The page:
Rehabilitation computing

Rehabilitation computing is the use of computer methods to provide facilities which could be helpful to people with disabilities. There are all manner of activities which come under that definition, such as domestic machines and robotics, computer applications in assessment techniques which evaluate people's abilities and disabilities, databases of useful devices and software, electronic mail, and so on.

Rehabilitation computing is a branch of rehabilitation engineering, which shares the same aims but broadens the repertoire of techniques used, drawing on all branches of engineering. Rehabilitation engineering, in turn, falls under the heading of biomedical engineering, in which engineering applications in any sort of medical field are investigated.

My interests lie mainly in the areas of computer-assisted communication techniques for physically disabled people and using machines of various sorts for rehabilitation purposes. As well as these major topics, I have touched on several other fields, which I have grouped together as "the rest".

I've been interested in rehabilitation computing since about 1985; you can read a bit about the boring details if you like. That's quite a long time, and I would like to be able to point to a commensurate body of work, but I can't. Still, I continue to plod along, and would welcome any interest from other potential plodders.

Computer-assisted communication.

This is perhaps the most actively developed field within the subject of rehabilitation computing, with many groups working on a wide variety of approaches. Many people physically unable to communicate unaided in ordinary ways can do so by means of computers.

On the clinical side, communication technology is studied as a part of augmentative and alternative communication ( AAC ), a regrettably clumsy title which unfortunately seems to have stuck. In this area, computer techniques take their place with many others, some requiring only comparatively simple machinery, and some none at all. It is salutary to be reminded that computers are by no means indispensable for many disabled people, and that even in cases where they might be expected to be useful other approaches are frequently of value. AAC is practised by therapists of various flavours, notably, but not exhaustively, speech language therapists and occupational therapists.

As well as engineering and clinical matters, computer-assisted communication is a special case of computer-human interface studies.This is just as well, because it justified - to me, if to no one else - my preoccupation with rehabilitation systems even though I was paid to do computing. I argued that rehabilitation computing, being just a part of the broader topic of people using computers, is a natural part of computing, and that computer-assisted communication makes an important contribution to the study of human-computer interfaces. The inclusion of special types of interface designed for people with various sorts of special needs is valuable as a reminder that interfaces designed for people with perfect muscular control of their hands and perfect vision is not enough - and also that the special cases are essential to test any theories of human-computer interaction in extreme cases.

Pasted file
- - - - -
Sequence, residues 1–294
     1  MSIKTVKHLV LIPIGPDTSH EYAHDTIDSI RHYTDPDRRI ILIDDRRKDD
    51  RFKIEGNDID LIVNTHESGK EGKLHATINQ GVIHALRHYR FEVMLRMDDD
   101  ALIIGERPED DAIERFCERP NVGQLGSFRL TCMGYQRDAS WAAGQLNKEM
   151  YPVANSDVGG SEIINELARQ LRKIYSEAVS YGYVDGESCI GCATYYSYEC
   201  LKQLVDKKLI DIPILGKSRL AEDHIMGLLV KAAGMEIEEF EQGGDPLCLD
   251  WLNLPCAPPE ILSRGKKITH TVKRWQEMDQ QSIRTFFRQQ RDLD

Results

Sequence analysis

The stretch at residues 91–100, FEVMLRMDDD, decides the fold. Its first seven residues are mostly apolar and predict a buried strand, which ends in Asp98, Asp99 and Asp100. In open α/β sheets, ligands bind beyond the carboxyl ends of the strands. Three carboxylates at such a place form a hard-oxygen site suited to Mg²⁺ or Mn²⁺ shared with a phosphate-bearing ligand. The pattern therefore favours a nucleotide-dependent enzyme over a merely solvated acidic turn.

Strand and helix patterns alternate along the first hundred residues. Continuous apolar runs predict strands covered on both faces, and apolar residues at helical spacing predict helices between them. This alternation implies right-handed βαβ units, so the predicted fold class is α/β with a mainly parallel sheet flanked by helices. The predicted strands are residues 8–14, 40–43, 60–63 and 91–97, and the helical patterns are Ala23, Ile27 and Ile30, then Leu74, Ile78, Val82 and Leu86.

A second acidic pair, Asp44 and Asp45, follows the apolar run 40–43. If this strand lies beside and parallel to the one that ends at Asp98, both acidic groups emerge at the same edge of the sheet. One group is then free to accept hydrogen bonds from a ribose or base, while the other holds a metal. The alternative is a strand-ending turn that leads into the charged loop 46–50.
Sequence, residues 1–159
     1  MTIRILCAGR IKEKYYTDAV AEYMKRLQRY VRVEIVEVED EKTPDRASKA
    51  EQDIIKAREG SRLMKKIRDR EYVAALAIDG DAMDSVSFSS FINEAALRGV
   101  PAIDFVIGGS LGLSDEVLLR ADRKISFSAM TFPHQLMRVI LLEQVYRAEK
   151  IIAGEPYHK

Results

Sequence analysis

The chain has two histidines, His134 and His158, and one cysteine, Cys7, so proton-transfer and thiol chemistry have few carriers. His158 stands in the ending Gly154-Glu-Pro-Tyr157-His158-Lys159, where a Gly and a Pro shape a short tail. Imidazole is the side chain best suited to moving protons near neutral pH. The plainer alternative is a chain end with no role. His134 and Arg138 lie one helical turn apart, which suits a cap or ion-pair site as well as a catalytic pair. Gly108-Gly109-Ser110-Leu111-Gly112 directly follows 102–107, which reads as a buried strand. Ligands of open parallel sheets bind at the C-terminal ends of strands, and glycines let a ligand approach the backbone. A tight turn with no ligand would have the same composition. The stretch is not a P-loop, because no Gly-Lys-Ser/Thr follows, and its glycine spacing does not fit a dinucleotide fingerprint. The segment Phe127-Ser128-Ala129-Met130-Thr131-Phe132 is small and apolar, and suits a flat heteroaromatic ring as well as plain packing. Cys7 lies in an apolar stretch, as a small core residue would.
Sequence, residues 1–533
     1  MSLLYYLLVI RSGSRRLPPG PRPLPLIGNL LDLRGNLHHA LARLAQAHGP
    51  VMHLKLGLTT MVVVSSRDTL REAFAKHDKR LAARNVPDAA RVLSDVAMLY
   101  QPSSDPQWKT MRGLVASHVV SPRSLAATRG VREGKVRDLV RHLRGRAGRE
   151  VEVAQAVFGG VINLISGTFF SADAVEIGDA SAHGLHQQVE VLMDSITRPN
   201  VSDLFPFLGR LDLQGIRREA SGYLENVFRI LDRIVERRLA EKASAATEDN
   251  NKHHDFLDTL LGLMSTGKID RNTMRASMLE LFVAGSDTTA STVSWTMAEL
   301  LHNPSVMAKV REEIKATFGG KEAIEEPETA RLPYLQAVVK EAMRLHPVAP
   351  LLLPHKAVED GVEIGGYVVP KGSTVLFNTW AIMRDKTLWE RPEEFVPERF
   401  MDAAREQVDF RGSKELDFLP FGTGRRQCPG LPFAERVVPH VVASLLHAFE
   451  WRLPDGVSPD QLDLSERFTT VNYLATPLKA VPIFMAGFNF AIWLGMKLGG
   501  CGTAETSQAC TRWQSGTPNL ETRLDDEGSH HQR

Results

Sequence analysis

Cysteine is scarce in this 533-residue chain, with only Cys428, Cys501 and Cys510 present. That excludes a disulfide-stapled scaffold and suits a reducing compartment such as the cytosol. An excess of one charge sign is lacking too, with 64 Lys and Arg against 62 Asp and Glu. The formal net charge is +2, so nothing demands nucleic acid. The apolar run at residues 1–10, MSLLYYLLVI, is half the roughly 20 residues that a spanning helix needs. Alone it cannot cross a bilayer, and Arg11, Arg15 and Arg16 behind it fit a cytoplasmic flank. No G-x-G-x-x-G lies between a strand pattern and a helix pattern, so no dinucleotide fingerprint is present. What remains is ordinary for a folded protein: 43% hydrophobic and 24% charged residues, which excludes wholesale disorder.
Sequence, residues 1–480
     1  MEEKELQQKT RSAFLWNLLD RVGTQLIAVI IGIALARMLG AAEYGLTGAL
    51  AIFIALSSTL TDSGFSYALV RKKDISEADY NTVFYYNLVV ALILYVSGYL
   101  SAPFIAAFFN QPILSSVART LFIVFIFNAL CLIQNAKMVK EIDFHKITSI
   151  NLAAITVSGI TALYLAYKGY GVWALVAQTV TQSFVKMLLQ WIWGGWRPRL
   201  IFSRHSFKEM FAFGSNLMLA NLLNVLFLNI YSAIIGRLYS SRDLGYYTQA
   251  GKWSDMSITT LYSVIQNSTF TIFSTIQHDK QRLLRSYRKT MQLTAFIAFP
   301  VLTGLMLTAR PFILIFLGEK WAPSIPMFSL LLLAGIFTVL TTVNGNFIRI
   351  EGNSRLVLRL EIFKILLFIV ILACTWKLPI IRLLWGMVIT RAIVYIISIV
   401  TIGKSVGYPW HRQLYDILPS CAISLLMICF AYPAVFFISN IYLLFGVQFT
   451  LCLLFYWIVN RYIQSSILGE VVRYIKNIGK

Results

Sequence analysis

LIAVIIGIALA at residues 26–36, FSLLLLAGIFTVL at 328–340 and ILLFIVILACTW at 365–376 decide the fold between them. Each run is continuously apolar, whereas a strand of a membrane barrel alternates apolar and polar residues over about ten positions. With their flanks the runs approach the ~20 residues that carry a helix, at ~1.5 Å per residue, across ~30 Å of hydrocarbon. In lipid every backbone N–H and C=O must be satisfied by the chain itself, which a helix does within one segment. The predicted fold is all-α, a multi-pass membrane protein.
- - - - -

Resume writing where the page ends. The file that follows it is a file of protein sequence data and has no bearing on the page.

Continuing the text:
I'm interested in communications using several parallel channels.

Machines for rehabilitation.

While communication aids can be of great help to people with disabilities which interfere with their abilities to communicate, they don't exhaust the field. Many people have physical disabilities which don't in any way impair their communication skills; for other people, the disabilities which hinder their communication also hinder other activities which most people take for granted. Computers have great potential for being of assistance in these areas too, though usually in conjunction with other sorts of machinery. That isn't an accident; to assist someone's communication, one is likely to want a machine which is good at communicating, and computers fit the bill very well; but for assistance with moving about or controlling the environment, one requires motors and tools of various sorts. The computers are still there because in order to use a tool one must control it - and to do that some sort of communication with the tool is necessary, and that is where the computers come in.

I'm interested in applications of robots and related machines, and have pottered with domestic communications networks for environment control.

The rest.

Several other topics have come my way from time to time, and I have therefore had a little experience in a rather wide range of areas. It's been interesting, I've learnt a lot, and it was perhaps just about worth while - but it would have been nice to finish a few. If anyone's interested, I can talk about them, but they are not active, and are unlikely to become so. Here are the projects.

Alan Creak,
2000 December.

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Go to Computer Science.